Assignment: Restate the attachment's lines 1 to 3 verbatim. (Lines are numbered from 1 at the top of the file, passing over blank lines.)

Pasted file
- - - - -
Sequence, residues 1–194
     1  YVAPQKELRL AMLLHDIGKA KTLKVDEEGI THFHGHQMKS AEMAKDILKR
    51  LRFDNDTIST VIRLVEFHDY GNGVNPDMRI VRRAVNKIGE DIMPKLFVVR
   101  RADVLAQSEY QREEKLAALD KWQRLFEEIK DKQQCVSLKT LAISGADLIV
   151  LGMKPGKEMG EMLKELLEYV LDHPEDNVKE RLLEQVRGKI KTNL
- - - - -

Sequence, residues 1–194
     1  YVAPQKELRL AMLLHDIGKA KTLKVDEEGI THFHGHQMKS AEMAKDILKR
    51  LRFDNDTIST VIRLVEFHDY GNGVNPDMRI VRRAVNKIGE DIMPKLFVVR